Earlier this year, before the Nepal earthquake, my practice nurse wife Tracy and I spent three months working for the Himalayan Rescue Association (HRA).
We were given a week's training in relevant medicine and language skills, in Kathmandu, then trekked for seven days to Manang, a remote village of about 3,000 people, halfway round the Annapurna trekking circuit at an altitude of 3,540m.
We spent 10 weeks working in Manang alongside a doctor from Canada, looking after local people and trekkers.
We charged the trekkers fees, starting at US$45 for a consultation. This allowed us to provide subsidised care for the locals, who were charged about a dollar if they could afford it, nothing if they couldn't.
The HRA provides these services during the autumn and spring trekking seasons. At other times, there is very little medical care available to the local people.
We treated trekkers with altitude problems, including acute mountain sickness and the potentially life-threatening high-altitude pulmonary oedema and high-altitude cerebral oedema.
Some were looked after in the clinic, others needed to be evacuated by helicopter to hospital in Kathmandu. We saw other conditions that are rare in the UK, such as typhoid fever and amoebic dysentery.
As well as treating patients, we gave a daily lecture about high altitude. We spoke to trekkers and their guides (average audience 25) about what it can do to the body, how to recognise the warning signs and what to do about them.
In 1983 I spent a gap year working for a leprosy charity in Tanzania. Since then, I have always wanted to go back to some sort of voluntary work in a developing country.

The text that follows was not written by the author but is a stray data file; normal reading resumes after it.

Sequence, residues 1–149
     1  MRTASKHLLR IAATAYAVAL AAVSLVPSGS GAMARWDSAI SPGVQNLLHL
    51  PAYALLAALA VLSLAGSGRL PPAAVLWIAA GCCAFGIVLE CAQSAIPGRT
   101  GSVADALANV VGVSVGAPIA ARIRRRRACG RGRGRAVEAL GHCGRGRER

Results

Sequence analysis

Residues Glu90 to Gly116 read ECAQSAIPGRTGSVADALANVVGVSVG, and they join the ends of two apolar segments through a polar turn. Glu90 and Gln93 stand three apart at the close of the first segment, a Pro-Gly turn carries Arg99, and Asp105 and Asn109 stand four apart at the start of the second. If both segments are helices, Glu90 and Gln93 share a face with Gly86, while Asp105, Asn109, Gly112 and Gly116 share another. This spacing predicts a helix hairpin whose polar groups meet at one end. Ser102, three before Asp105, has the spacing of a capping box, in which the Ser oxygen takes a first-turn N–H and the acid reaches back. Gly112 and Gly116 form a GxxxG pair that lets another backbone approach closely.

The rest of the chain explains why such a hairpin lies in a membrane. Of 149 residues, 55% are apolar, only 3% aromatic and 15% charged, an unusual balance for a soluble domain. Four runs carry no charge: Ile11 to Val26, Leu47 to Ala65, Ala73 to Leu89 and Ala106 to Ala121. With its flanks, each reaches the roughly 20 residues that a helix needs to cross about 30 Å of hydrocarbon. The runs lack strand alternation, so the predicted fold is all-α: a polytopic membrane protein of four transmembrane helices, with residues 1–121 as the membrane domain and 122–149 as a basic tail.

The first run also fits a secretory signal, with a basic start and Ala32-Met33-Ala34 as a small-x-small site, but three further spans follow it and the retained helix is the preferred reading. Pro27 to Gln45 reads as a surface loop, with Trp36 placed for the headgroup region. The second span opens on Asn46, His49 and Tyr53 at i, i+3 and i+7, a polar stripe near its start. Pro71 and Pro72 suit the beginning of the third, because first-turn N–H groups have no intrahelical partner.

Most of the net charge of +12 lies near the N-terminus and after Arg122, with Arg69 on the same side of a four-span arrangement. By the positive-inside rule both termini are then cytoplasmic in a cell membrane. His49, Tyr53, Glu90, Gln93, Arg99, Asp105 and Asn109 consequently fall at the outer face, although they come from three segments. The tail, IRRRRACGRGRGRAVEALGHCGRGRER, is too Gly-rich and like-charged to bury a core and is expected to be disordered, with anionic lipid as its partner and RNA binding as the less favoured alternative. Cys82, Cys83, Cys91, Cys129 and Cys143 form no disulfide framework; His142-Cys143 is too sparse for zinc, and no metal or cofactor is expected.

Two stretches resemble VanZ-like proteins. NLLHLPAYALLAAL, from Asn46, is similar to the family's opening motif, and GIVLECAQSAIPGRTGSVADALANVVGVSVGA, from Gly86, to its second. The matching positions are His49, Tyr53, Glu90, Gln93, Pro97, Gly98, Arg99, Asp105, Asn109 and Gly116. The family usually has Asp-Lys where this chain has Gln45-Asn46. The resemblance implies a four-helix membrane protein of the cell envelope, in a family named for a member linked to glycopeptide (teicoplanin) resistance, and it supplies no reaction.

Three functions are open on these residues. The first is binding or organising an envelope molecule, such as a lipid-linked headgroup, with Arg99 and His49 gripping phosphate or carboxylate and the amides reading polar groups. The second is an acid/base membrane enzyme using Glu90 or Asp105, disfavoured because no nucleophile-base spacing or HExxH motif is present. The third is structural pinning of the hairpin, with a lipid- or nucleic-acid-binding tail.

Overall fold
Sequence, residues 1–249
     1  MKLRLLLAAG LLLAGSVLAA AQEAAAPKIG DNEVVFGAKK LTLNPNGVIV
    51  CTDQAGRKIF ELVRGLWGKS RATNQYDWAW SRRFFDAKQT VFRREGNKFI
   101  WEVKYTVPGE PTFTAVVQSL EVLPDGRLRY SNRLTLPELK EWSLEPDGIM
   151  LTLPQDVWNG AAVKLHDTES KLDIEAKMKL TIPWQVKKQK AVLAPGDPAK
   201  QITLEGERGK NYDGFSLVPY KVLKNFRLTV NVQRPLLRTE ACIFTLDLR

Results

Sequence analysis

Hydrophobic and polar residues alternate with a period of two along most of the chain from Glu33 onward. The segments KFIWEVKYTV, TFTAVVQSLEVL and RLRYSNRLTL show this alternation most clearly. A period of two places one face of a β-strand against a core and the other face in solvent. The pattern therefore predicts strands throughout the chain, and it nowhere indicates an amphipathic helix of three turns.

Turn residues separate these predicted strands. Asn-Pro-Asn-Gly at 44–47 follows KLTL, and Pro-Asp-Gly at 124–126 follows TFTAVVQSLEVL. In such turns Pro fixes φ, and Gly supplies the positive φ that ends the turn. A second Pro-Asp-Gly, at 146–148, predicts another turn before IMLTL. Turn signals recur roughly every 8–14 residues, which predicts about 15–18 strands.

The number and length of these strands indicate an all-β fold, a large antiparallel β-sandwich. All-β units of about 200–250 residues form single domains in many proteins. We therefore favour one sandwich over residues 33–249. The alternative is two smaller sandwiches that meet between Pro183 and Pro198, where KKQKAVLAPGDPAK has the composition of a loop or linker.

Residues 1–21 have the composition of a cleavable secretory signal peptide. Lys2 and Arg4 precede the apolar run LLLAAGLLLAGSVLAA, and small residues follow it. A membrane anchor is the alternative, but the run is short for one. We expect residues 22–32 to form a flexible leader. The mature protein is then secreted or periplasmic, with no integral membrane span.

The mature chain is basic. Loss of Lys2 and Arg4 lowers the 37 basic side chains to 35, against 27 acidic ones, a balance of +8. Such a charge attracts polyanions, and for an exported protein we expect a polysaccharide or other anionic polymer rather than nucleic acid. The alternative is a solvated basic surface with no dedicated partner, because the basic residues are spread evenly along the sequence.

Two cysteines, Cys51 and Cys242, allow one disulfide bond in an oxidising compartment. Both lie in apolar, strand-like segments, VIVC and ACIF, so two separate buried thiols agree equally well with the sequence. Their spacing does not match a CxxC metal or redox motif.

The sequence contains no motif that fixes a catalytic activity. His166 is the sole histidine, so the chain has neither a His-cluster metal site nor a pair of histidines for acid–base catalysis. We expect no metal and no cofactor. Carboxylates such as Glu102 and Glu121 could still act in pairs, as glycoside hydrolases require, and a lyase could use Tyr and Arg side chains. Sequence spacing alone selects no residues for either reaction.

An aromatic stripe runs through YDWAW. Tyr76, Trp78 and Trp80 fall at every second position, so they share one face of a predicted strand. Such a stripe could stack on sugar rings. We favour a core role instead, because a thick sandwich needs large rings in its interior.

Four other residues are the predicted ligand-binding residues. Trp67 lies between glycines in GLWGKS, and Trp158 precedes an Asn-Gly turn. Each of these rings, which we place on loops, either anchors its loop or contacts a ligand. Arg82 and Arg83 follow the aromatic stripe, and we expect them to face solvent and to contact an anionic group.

On a trek to Everest Base Camp, I visited the HRA clinic in Pheriche and decided this would be an opportunity to work abroad for a short period.
Some organisations, such as VSO or MSF, require volunteers to commit to long periods abroad, whereas the HRA only asks for three months, which is far easier to fit into one's work as a GP partner.
Now, having worked with the HRA, I will be better prepared in future if I want to take on a longer commitment as a volunteer.
The Expedition and Wilderness Medicine training faculty has close links with the HRA, so doing the mountain medicine course enabled me to meet people involved in the work of the HRA. I applied to work as a volunteer via its website, www.himalayanrescue.org
I took 14 weeks away from work as a GP principal. Of these, four were annual leave. I then employed a locum, at my own expense, for the remaining 10 weeks.
My posting was entirely self-funded, although I did negotiate a discount in my RCGP membership fee and a significant reduction in my Medical Protection Society indemnity subs for the three months I was away.
General practice in the UK is about trying to reach government targets for managing chronic conditions, while trying to provide an adequate service for people who feel ill. It was good to escape this briefly and focus, simply, on doing what we trained to do, which is to look after people who are ill.
What we learned in Nepal will help us to advise people planning trips to high-altitude locations. We also learned that a diet of simple food and no snacks offers a good way to lose weight.
I am part of the British government's emergency disaster response team, so there may be a time in future when I do more voluntary work abroad. For now I am enjoying being safely, and warmly, back at work in Romford.
- Dr Quigley's book, 'Mountain Medicine, in Nepal with the Himalayan Rescue Association', is available on Amazon Kindle for £2.94, or free for subscribers to Kindle Unlimited.